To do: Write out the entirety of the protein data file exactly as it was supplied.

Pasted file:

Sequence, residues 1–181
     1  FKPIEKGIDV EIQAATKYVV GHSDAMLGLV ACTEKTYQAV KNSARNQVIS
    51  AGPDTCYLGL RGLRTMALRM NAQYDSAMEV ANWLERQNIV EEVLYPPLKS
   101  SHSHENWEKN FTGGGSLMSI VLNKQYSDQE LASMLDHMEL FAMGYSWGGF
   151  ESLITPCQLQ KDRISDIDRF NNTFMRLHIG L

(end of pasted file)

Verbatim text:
Sequence, residues 1–181
     1  FKPIEKGIDV EIQAATKYVV GHSDAMLGLV ACTEKTYQAV KNSARNQVIS
    51  AGPDTCYLGL RGLRTMALRM NAQYDSAMEV ANWLERQNIV EEVLYPPLKS
   101  SHSHENWEKN FTGGGSLMSI VLNKQYSDQE LASMLDHMEL FAMGYSWGGF
   151  ESLITPCQLQ KDRISDIDRF NNTFMRLHIG L